Infrared transmission spectra were acquired with a synchrotron-based FTIR on Beamline 1.4.3 at the Advanced Light Source (ALS), Lawrence Berkeley National Laboratory (LBNL). The synchrotron source produces a diffraction-limited spot size, which is approximately 3 μm in the region of the C-H stretching frequencies (approximately 3000 cm−1). Spectra were typically averaged 16–128 times and collected in the 650–4000 cm−1 range with 4 cm−1 resolution using a KBr beamsplitter and a mercury cadmium telluride (MCT-A) detector. Because infrared radiation is non-ionizing and the peak and average powers on the sample are low, infrared microscopy is truly a noninvasive technique. The only risk of sample damage, therefore, is sample handling.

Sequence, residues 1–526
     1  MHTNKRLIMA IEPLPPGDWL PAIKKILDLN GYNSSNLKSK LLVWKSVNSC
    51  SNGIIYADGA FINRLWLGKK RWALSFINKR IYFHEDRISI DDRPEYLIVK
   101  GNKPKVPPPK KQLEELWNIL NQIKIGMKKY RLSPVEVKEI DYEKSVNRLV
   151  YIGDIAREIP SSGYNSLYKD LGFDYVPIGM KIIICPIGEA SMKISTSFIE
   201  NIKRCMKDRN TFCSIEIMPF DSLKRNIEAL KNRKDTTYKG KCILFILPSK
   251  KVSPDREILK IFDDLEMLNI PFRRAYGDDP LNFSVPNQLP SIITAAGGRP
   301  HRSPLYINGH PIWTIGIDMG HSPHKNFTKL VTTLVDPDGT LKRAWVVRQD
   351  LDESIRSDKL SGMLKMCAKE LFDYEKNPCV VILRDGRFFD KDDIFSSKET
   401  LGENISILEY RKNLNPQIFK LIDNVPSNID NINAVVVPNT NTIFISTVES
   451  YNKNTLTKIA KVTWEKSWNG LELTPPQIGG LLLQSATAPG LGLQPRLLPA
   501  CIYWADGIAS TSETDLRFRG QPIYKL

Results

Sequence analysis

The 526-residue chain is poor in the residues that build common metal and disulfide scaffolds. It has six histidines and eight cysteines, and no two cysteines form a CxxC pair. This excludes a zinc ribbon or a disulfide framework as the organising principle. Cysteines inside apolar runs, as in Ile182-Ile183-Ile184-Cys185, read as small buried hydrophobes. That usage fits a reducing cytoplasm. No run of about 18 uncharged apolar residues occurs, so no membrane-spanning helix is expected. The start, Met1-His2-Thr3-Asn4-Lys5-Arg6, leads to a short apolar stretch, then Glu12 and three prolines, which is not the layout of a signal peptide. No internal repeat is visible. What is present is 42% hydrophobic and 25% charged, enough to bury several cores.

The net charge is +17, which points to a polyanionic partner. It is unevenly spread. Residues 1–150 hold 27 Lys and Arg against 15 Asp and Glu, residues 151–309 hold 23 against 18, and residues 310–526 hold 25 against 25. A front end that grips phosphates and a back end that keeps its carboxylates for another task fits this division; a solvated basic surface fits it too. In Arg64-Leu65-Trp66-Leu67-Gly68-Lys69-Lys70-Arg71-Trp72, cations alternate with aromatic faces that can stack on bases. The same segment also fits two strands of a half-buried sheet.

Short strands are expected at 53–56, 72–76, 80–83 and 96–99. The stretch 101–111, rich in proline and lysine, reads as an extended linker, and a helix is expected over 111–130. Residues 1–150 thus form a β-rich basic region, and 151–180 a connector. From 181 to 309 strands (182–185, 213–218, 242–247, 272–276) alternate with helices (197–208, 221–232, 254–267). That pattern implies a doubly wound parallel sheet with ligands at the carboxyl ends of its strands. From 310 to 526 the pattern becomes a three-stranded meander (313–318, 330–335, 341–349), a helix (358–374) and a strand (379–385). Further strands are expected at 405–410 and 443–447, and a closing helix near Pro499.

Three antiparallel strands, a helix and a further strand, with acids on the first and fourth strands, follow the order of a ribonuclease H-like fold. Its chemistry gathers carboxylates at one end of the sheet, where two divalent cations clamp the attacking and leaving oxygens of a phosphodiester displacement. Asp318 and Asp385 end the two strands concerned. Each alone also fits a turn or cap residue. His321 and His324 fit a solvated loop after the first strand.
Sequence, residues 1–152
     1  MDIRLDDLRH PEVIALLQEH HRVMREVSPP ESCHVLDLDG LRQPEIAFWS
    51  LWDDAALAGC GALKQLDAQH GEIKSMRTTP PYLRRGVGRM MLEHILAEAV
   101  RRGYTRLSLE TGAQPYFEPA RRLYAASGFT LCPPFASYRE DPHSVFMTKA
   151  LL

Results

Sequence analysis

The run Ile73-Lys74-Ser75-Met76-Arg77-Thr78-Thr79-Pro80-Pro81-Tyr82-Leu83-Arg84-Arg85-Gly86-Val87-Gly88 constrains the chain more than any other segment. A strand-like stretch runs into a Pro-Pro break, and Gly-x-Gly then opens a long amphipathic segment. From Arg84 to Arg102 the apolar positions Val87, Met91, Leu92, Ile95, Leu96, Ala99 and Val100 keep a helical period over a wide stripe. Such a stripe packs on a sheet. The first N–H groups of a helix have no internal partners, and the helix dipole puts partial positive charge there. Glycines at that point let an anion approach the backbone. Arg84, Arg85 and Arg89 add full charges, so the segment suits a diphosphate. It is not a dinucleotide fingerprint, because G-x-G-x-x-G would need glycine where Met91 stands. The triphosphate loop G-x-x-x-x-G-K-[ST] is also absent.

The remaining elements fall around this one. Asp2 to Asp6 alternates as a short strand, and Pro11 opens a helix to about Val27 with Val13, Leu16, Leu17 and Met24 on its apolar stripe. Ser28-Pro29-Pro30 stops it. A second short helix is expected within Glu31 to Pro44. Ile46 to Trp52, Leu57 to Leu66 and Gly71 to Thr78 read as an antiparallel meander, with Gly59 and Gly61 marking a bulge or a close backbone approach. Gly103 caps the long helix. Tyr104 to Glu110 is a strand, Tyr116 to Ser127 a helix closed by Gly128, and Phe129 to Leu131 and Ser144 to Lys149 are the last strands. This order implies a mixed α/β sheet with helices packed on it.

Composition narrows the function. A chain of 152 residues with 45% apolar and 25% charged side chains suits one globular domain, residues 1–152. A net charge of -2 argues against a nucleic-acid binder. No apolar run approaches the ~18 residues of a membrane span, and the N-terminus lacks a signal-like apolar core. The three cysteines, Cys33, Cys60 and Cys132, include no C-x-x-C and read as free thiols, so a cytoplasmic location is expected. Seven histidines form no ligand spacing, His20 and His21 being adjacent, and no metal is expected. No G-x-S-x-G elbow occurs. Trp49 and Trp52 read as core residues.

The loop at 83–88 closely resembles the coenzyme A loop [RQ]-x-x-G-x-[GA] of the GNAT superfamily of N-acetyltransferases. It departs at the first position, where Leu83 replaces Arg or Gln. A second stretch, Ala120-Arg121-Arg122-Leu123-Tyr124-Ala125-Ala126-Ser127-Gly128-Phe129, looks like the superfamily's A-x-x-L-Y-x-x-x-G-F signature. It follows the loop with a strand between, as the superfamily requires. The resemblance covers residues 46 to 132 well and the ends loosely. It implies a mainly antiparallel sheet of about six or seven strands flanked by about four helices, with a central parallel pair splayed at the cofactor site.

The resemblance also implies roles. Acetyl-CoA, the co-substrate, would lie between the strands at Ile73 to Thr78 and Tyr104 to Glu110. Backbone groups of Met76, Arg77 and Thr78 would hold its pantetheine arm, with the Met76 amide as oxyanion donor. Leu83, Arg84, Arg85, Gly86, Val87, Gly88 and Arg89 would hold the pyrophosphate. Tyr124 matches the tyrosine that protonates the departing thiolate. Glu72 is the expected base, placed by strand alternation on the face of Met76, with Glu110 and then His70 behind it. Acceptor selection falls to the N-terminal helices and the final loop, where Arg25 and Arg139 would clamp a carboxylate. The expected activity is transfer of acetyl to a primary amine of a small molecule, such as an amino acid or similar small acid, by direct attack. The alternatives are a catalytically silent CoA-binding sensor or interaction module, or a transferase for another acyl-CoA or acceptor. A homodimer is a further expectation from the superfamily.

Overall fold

The keystones were mounted with the goal of orienting the space-exposed surface parallel to the optical axis of the microscope; however, because of limitations in the mounting scheme, some of the keystones were rotated as much as ±10° from the ideal orientation. Depth profile measurements of the aerogel composition were made by moving the stage perpendicular to the space-exposed surface of the keystone in 3 μm increments. Although the spot size of the infrared beam is about 3 μm in the focal plane, the lateral resolution of the profile measurements is worse because the aerogel keystone thickness (200–300 μm) is much larger than the focal depth and the infrared absorption measurements sample the entire thickness of the keystone. Indeed, with a 32× objective (NA = 0.65) and with the focus at the center of the aerogel, the spot size at the top and bottom of the aerogel can be as large as 260 μm, but with the central portion of the “out of focus” beam being obscured by the secondary mirror in the Schwarzschild objective design. We estimated the instrumental response by measuring the step-edge profile of the Si-O stretching mode at approximately 1100 cm−1, with the assumption that this functional group is relatively constant throughout the aerogel. The full-width, half-maximum (FWHM) of the first derivative of the profile is comparable to the resolution of the system (Russ 2002), and although it varied slightly from keystone to keystone, the FWHM was found to be approximately 30–50 μm. We have not attempted to deconvolve the instrumental response from the measured profiles, however, because of possible systematic errors in focus depth and orientation of the keystone with respect to the optical axis. As a consequence, the depth profiles from the infrared measurements cannot be quantitatively compared to the fluorescence measurements. The depth profiles do give qualitative information about the distribution of the functional groups within an aerogel keystone and because the keystones were all approximately the same thickness, they can be compared with each other.